New centre will drive industrial decarbonisation

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The University of Birmingham is part of a £20 million centre launched to tackle carbon emissions from industrial clusters.

The Industrial Decarbonisation Research and Innovation Centre is led by Heriot-Watt University, with two of its first phase projects being led by the University of Birmingham.

Funded by UK Research and Innovation (UKRI) through its industrial decarbonisation challenge, the Centre will identify and research opportunities to reduce costs, risks, timescales and emissions across clusters of energy-intensive industries that currently make a significant contribution to UK carbon emissions.

The first of the Birmingham projects explores how new technologies, infrastructure and systems can be designed and deployed to provide low-carbon energy to industry across the UK. The focus will be on the fuels used in areas such as the Black Country, with a particular emphasis on assessing alternatives to natural gas, including hydrogen and electrification.

Dr Jonathan Radcliffe is leading the project and is also Academic Lead for the Black Country Industrial Cluster within IDRIC. He says: “Decarbonising industry is critical to reducing greenhouse gas emissions and limiting global warming. Within IDRIC, research teams at the University of Birmingham will be working with partners in the private sector and other institutes to assess options and learn from experience.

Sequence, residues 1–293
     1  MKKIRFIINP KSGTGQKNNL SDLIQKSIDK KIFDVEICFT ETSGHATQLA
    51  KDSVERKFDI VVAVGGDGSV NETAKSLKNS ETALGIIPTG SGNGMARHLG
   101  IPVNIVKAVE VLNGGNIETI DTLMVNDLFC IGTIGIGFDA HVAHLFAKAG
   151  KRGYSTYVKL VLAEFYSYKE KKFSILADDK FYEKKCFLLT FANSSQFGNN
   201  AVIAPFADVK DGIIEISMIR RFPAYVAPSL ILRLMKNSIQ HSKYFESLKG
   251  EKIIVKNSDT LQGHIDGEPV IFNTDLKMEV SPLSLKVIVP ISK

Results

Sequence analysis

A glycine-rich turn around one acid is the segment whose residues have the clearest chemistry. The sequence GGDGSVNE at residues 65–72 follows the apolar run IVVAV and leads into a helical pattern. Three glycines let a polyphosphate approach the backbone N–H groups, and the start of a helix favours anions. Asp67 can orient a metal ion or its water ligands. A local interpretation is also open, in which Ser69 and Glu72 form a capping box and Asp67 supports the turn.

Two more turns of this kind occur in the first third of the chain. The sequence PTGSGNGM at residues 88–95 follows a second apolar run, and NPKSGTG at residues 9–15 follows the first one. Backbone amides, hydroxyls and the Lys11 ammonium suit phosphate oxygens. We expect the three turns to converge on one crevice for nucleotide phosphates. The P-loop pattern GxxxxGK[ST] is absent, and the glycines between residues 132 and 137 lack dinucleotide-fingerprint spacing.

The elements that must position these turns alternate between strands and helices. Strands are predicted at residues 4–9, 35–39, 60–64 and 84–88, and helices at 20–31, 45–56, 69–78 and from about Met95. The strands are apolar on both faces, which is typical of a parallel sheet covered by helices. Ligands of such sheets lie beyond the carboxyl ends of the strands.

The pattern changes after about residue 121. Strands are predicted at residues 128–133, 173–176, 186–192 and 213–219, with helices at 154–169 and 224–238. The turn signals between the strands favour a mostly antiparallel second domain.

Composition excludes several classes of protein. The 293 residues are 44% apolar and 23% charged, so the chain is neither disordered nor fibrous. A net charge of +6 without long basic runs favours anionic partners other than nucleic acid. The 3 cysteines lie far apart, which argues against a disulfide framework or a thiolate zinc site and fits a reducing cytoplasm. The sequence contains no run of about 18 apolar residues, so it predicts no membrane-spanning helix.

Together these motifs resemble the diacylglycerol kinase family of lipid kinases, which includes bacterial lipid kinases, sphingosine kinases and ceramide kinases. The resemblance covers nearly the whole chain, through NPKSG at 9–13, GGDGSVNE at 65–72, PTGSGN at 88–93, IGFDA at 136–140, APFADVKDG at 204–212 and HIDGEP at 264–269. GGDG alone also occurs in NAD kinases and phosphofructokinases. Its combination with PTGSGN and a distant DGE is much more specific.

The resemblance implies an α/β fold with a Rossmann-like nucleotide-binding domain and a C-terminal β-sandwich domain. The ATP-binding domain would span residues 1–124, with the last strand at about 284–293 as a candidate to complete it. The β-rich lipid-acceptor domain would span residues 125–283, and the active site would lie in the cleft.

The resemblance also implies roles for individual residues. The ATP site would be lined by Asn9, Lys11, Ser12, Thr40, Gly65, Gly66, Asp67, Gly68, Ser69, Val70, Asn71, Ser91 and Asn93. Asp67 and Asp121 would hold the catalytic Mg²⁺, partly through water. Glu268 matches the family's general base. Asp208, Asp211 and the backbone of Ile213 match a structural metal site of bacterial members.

“Our involvement in the Black Country Industrial Cluster will show how we can support local businesses and communities, then use the knowledge to help decarbonise industry across the country. The ‘Repowering the Black Country’ project exemplifies the diverse and distributed industrial base in the UK - we will require a range of integrated technological solutions alongside new business practices, with clear and long-term policy drivers. In particular, we need a better understanding of how infrastructure development can enable this transformation. The work undertaken through IDRIC will be an important contribution to decarbonisation at local, regional and national scales.”

The second project to be funded by IDRIC is led by Professor Yulong Ding, and will investigate ways of enhancing energy efficiency and reducing emissions from gas compression and industrial thermal processing, two major emission hotspots within industrial clusters. The project will demonstrate the industrial waste heat recovery, storage, and integrated utilisation at an industrial relevant scale.

Professor Ding says:"Industrial air compression alone consumes around 10% (30 TWh) of the UK electricity supply and between around 10 and 30% in many other countriesUp to 90% of the electrical input for gas compression is dissipated as waste heat. Alongside this, industrial process heating across major UK industrial sites creates around 48 TWh/year of waste heat. We are pleased to have to opportunity to work with our industrial partners across these industrial clusters to address these two challenges in an integrated manner. The work is not only for decarbonising the industrial clusters, it is also highly relevant for heating and cooling decarbonisation – one of the biggest challenges in achieving our net-zero 2050 target.” 

Matthew Rhodes, Programme Director, Repowering the Black Country, said: “The Black Country Cluster is delighted this funding has been allocated to IDRIC by government. We’re the only one of the six clusters to be focusing exclusively on the challenges of decarbonising small and medium-sized energy intense businesses, and our partnership with the University of Birmingham and IDRIC will enable us to access critical academic expertise.”   

Notes to editor:

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